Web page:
Bermuda faced its first drop in tourism in almost two years because of a spelling error

BERMUDA, an island in the North Atlantic Ocean famed for its pink sand beaches and turquoise waters, is like a fairytale.

But more than 3000 trips to the paradise location were cancelled in recent months — and it is all because of an unfortunate spelling error.

When Hurricane Irma, followed by Hurricane Jose, blew through the Caribbean in September, it devastated many of the islands in the region.

Bermuda, which is further north in the Atlantic Ocean, off the coast of North Carolina, was not one of them. But the similarly named Barbuda, a small island in the eastern Caribbean, north of Antigua and Dominica, was — and extensive news coverage of the hurricanes confused the two.

Bermuda and its perfect pink beaches were unaffected by Hurricane Irma.

Bermuda and its perfect pink beaches were unaffected by Hurricane Irma.Source:istock

Despite the fact that the two islands are about 1600km apart and that Bermuda isn’t even located in the Caribbean, news reports by several major news organisations incorrectly reported hurricane devastation to Bermuda.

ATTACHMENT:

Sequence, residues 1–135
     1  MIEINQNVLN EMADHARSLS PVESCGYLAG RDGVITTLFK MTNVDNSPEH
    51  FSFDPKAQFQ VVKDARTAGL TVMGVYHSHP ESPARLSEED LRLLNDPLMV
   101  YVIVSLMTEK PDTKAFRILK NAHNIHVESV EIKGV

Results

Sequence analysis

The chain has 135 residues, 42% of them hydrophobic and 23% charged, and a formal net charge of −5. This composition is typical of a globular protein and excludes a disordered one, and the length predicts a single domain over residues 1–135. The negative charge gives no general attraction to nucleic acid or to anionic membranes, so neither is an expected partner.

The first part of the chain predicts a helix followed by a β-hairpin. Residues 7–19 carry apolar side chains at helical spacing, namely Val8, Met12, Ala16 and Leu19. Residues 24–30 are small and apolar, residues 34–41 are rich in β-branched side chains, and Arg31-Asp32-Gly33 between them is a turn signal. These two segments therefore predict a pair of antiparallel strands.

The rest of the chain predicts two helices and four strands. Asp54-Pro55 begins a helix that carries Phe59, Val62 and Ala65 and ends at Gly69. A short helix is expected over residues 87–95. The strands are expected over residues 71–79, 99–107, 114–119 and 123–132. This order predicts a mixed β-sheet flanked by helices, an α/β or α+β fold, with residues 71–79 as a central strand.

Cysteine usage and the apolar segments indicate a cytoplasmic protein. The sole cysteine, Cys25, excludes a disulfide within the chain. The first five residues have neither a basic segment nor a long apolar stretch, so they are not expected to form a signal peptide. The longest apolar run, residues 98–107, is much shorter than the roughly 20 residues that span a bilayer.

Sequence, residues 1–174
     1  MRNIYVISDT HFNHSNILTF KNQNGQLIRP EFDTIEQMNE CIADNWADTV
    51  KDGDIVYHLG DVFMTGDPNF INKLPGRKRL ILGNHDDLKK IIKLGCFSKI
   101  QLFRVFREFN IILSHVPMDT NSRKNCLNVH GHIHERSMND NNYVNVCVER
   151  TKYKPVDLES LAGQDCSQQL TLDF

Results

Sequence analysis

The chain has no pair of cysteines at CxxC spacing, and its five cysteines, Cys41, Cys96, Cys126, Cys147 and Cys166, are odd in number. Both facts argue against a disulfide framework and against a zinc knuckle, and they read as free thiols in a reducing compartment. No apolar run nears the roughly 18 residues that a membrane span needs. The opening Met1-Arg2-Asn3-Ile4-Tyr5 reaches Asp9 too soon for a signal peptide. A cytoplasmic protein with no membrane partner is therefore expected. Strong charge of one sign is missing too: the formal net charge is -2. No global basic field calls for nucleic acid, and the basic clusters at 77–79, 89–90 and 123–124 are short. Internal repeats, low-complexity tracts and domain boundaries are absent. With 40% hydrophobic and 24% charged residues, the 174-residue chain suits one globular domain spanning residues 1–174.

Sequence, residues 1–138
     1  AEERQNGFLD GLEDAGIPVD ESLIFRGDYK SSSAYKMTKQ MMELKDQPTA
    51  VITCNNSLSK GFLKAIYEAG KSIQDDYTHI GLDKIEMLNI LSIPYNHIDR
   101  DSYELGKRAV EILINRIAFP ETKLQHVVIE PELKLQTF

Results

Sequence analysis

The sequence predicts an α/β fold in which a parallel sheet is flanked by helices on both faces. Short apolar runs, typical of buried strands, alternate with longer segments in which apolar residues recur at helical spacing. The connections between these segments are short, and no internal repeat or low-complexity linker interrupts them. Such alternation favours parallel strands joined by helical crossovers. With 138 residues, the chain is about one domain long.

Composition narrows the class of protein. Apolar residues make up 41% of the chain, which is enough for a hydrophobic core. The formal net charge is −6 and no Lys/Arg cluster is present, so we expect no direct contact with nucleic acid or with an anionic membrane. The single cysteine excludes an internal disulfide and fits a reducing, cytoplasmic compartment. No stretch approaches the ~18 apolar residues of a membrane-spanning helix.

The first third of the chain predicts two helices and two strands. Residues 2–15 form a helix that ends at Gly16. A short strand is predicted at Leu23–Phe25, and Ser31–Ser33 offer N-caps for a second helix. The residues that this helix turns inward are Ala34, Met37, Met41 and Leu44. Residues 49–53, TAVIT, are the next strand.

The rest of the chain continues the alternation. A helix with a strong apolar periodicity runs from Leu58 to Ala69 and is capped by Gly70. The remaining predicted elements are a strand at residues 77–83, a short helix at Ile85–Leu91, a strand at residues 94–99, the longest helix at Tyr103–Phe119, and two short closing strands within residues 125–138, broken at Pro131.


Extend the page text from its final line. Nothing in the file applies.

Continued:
As a result, more than 3000 tourists cancelled their plans to visit, Bloomberg reports, and Bermuda officials woke up to text messages from friends saying: “I hope you’re OK!”

The mistake caused the tropical dreamland to experience its first drop in tourism in nearly two years in September. And like many islands in the region, tourism is one of the top employers and an economic driver.

According to Q3 2017 visitor arrival statistics, each air leisure visitor to Bermuda spent an estimated $US1500-plus ($A1970) on average per person, Glenn Jones, director of public and stakeholder relations with the Bermuda Tourism Authority told The Royal Gazette.

While Barbuda is also beautiful, it is not Bermuda.

While Barbuda is also beautiful, it is not Bermuda.Source:istock

Bermuda tried to get the word out that it was open for business through promotions and marketing channels, but reports of the island’s destruction had already spread on Twitter and Facebook, deterring visitors.

“The social media genie was out of the bag,” Kevin Dallas, CEO of the Bermuda Tourism Authority, in a telephone interview with Bloomberg.

“Collectively, Bermuda was like: ‘What?”’

“It’s a helpful reminder to us of the importance of our strategy that while Bermuda is influenced by the Caribbean, it’s set apart.”